Portrait of a Parish - Page 18

Tucking Mill

The name of this hamlet is obviously taken from a process in the woollen industry known as "tucking" or "fulling", in which woven cloth was hammered and felted with water-driven "stocks". The wool was cleaned with a natural detergent clay called Fullers Earth, which was found locally. Although the mill building was demolished in 1931, the Fullers Earth clay works was rebuilt as a processing works for this material, which after refining, was packed into sacks for export by rail from Midford Station. The Bath firm which owned these works, The Fuller's Earth Union, closed it down shortly after the second world war and the 80 foot chimney was demolished along with the rest of the buildings.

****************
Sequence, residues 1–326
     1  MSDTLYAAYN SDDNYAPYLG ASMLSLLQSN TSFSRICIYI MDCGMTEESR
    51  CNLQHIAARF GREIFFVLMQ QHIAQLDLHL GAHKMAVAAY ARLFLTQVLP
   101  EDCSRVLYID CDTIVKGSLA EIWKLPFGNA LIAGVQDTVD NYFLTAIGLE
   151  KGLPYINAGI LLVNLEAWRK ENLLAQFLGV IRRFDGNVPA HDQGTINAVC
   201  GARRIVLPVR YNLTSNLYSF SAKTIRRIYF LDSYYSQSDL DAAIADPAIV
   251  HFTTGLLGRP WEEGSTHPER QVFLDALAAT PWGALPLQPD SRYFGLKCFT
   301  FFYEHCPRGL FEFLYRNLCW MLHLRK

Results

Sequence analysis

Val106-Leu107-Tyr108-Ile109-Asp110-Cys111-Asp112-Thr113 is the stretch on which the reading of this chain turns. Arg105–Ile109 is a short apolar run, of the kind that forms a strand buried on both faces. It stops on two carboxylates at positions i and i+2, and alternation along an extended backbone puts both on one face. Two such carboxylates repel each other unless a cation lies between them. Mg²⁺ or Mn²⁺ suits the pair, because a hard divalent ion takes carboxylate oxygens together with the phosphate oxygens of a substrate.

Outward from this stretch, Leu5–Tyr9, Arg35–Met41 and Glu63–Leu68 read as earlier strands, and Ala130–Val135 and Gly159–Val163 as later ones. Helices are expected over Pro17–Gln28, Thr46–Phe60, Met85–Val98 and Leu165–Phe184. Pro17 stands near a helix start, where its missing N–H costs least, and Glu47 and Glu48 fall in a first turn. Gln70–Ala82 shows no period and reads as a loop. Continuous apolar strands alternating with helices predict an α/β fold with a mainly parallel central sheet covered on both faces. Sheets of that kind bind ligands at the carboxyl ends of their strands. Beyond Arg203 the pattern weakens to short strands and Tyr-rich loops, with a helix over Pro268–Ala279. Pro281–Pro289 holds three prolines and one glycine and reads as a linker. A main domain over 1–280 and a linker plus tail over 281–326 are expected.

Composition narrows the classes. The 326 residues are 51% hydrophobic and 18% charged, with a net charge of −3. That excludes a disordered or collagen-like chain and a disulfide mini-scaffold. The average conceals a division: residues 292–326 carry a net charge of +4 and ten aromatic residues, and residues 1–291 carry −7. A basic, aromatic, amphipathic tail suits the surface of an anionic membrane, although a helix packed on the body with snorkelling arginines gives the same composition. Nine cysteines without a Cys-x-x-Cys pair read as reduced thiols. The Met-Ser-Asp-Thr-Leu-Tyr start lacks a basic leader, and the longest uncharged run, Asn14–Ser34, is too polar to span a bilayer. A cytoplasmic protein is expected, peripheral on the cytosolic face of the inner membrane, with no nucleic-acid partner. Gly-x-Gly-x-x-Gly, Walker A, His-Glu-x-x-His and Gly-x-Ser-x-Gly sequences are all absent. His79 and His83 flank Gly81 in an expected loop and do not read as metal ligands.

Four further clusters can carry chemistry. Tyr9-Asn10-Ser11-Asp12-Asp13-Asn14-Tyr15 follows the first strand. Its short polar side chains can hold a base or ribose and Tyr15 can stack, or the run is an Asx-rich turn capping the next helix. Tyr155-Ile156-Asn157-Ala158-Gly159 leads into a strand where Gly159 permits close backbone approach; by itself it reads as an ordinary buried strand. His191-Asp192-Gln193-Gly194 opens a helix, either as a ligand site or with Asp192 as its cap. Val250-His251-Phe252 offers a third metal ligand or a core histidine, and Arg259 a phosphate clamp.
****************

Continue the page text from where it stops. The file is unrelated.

Past
Fullers Earth Works - now demolished
Fullers Earth Works - now demolished
 

The demolition of all the old buildings enabled the millpond to be enlarged into a storage lake or reservoir, which in the Year of the Disabled in 1981, moved Wessex Water to develop the site as a lake for use by disabled anglers and to encourage wildlife. Wessex Water has now set up their regional headquarters at the top of Brassknocker Hill.

Present
Fishing lake for use by the disabled
Tucking Mill Lake - fishing for the disabled

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